Massive oil spills around the world, from off the coast of Santa Barbara, California in 1969 to the Exxon Valdez oil tanker accident in Alaska in 1989, reinforced fears about the deadly combination of human error and modern technology.
The 1975 Energy Policy and Conservation Act set corporate standards for gas mileage. Manufacturers who failed to achieve the mandated averages faced stiff fines and other sanctions.
Environmentalists began searching for alternative sources of energy. Solar power appealed to some, but it was very expensive. Solar panels remained underdeveloped and intermittent clouds cut off power. Hydropower was more reliable but most suitable for dam sites that had already been built upon. Wind power worked in some areas but those were places where few people lived. Coal power was reliable, proved and cheap but it was also dirty and dangerous.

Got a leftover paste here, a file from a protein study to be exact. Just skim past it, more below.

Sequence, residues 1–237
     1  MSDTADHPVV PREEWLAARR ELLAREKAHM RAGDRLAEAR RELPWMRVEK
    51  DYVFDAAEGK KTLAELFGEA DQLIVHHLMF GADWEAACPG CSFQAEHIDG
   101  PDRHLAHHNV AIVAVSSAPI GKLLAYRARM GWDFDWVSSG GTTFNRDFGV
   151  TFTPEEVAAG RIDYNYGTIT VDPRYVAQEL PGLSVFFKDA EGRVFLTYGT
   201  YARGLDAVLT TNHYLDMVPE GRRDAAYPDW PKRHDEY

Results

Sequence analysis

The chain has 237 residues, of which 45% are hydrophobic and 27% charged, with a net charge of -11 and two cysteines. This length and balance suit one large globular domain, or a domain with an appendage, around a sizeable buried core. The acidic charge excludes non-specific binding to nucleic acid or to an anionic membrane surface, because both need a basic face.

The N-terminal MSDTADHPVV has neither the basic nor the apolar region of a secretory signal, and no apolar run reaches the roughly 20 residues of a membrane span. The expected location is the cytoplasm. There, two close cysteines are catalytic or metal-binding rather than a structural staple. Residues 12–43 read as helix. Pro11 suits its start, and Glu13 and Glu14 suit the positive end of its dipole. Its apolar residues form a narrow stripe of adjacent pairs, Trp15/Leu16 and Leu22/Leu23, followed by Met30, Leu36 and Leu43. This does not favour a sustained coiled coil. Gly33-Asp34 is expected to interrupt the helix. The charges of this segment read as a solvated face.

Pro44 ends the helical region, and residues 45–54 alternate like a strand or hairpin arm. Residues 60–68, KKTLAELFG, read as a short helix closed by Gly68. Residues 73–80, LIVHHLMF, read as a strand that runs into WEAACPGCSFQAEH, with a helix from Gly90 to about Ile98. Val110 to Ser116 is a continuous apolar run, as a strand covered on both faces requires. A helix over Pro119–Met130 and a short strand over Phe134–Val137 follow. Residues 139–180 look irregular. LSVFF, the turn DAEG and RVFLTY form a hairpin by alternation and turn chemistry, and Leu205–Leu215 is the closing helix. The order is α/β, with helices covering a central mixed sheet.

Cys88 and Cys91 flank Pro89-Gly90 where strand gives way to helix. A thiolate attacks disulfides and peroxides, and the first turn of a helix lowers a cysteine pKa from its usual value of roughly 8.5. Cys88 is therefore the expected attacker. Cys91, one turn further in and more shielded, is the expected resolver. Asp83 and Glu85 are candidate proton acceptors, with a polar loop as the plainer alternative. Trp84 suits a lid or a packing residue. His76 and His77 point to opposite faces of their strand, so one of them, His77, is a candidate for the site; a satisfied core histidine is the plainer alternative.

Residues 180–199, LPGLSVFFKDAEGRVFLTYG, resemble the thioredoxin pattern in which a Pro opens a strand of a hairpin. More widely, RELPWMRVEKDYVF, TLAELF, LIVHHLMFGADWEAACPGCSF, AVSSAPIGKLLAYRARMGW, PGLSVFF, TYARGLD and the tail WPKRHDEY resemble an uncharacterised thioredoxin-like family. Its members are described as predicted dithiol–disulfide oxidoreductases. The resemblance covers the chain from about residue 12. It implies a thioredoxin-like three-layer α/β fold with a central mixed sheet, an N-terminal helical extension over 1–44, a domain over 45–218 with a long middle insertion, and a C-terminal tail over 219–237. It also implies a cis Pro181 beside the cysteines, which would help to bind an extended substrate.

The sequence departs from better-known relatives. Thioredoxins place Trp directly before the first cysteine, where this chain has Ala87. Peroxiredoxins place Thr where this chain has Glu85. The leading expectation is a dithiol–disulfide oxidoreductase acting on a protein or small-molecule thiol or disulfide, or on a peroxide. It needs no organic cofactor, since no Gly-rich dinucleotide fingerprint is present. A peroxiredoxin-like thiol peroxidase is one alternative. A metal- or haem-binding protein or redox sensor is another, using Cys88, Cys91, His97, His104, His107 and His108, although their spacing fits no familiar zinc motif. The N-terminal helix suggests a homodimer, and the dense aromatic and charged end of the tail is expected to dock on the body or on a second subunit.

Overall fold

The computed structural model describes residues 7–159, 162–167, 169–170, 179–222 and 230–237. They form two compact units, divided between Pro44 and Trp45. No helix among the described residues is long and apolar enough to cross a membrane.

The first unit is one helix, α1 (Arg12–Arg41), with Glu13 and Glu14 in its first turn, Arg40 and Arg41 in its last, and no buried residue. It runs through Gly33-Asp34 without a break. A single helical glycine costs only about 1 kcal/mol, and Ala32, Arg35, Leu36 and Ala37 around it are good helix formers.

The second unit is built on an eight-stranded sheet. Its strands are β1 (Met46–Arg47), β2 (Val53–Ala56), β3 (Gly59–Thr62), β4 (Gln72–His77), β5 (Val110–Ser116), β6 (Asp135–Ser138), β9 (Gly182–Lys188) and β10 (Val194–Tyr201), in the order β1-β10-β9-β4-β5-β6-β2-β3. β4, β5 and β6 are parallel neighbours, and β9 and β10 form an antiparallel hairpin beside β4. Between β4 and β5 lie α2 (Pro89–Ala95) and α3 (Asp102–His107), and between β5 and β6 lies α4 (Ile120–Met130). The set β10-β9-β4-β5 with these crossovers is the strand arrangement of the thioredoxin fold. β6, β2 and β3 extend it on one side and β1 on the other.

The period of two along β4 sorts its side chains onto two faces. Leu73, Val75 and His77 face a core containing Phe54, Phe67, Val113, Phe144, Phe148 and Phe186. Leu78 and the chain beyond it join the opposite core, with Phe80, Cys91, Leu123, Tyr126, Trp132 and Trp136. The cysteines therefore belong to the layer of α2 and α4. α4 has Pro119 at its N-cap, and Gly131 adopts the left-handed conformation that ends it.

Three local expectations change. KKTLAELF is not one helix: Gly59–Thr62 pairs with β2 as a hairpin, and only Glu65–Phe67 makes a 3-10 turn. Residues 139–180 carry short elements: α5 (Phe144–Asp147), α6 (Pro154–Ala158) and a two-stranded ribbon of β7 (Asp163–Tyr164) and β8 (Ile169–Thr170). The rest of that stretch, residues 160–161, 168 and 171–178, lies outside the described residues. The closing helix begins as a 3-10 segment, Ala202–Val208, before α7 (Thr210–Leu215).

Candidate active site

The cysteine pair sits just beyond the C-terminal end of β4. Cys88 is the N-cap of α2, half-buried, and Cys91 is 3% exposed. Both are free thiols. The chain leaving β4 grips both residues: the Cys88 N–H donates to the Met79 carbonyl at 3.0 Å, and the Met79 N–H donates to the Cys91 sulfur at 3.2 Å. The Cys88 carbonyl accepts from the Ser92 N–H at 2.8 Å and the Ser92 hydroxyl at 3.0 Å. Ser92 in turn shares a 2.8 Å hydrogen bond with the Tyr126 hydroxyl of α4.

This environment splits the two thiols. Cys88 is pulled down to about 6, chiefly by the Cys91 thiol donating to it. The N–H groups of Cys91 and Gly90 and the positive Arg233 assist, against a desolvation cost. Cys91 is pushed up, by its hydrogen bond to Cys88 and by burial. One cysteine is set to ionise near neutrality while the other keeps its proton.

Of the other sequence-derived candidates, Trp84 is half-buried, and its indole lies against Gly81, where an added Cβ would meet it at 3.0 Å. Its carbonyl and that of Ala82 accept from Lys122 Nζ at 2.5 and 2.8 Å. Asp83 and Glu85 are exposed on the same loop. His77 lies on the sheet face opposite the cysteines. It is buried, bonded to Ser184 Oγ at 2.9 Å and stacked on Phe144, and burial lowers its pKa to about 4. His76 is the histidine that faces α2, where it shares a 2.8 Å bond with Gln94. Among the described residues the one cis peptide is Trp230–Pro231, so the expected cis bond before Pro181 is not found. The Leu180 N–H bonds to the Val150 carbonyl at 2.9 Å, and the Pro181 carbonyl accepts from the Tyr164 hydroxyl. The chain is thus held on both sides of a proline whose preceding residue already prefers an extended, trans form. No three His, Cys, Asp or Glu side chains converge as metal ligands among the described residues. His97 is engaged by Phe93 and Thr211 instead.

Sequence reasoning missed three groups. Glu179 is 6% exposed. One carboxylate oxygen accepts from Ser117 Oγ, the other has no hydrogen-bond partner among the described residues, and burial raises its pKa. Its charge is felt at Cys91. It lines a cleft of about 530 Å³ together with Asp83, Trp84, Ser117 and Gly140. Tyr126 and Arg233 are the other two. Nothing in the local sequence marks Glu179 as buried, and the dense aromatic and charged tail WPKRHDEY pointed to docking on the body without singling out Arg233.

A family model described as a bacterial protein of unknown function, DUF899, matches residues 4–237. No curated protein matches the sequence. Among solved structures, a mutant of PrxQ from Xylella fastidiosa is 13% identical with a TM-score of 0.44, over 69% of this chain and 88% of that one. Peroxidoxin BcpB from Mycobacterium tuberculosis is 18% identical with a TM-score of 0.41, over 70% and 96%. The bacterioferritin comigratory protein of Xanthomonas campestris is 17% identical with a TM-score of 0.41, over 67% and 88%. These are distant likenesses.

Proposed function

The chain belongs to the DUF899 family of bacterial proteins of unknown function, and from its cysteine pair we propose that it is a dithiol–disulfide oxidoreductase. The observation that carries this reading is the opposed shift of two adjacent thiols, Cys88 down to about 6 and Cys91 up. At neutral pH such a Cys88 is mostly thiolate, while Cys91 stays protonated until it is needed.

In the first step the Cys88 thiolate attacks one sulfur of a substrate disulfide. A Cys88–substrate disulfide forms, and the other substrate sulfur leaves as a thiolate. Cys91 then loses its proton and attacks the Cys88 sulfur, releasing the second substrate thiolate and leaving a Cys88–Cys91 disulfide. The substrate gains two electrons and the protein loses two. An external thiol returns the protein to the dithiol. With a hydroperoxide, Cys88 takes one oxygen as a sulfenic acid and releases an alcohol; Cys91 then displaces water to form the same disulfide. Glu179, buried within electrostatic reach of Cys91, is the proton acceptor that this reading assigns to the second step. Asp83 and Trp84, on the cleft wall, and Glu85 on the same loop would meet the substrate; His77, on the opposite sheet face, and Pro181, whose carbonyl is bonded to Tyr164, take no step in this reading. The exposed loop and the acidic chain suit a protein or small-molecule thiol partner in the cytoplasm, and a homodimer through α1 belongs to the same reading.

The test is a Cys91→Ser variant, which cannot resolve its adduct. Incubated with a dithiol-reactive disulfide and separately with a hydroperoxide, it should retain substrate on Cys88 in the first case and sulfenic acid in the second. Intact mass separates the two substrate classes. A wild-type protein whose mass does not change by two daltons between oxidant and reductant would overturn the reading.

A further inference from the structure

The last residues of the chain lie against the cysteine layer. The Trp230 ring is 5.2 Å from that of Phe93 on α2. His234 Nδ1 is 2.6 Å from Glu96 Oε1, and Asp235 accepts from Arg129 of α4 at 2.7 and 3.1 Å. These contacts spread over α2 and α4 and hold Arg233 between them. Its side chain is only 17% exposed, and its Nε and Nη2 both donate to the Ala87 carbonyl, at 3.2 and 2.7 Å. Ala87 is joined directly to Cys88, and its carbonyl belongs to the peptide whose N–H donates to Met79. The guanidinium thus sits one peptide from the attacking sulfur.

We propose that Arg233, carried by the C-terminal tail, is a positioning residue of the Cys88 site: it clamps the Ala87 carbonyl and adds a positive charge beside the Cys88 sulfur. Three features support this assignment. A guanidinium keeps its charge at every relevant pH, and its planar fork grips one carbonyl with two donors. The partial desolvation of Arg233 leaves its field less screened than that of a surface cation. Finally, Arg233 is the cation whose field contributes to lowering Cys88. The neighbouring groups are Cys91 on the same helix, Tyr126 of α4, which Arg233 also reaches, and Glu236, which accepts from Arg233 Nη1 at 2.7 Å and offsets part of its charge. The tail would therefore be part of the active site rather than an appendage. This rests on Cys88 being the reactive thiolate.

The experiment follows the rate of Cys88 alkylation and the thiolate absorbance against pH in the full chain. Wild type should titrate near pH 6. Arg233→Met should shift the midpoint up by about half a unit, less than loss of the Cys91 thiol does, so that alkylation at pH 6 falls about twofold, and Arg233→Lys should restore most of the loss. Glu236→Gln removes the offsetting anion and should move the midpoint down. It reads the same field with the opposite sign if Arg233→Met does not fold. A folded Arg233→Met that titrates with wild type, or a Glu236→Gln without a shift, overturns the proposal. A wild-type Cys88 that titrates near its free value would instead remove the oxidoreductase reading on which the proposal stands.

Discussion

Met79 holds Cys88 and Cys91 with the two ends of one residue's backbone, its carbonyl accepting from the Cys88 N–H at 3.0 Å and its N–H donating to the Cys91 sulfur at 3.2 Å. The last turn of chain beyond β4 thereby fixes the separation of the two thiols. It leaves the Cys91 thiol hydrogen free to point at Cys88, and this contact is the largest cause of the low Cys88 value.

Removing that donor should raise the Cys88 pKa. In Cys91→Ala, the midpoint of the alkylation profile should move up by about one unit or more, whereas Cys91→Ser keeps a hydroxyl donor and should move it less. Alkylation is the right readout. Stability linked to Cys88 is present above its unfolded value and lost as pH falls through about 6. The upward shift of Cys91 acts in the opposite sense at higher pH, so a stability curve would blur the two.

Nuclear power had its advocates, as it had been in use since the 50s. Its fuel – uranium – was virtually inexhaustible and it produced no noxious gases or greenhouse gases. It made many nervous. The waste products of the reactors were radioactive and would remain so for thousands of years. Occasionally, nuclear reactors malfunctioned in a terrifying way. In March 1979, a reactor at Three Mile Island, near Harrisburg, PA nearly melted down when cooling systems failed. Tens of thousands of people in the area fled. While the reactors didn’t explode as authorities felt it might, it inspired grave thoughts about nuclear power. A more severe accident at Chernobyl in Soviet Ukraine in 1986 released large amounts of radiation into the atmosphere and caused many deaths, reinforcing fears.
Earth Day was first celebrated in April of 1970. That same year, Congress passed the Clean Air Act and created the Environmental Protection Agency (EPA). They followed the legislation in 1972 with the Clean Water Act and the Endangered Species Act.
In 1980, the Superfund was created to clean up toxic dumps.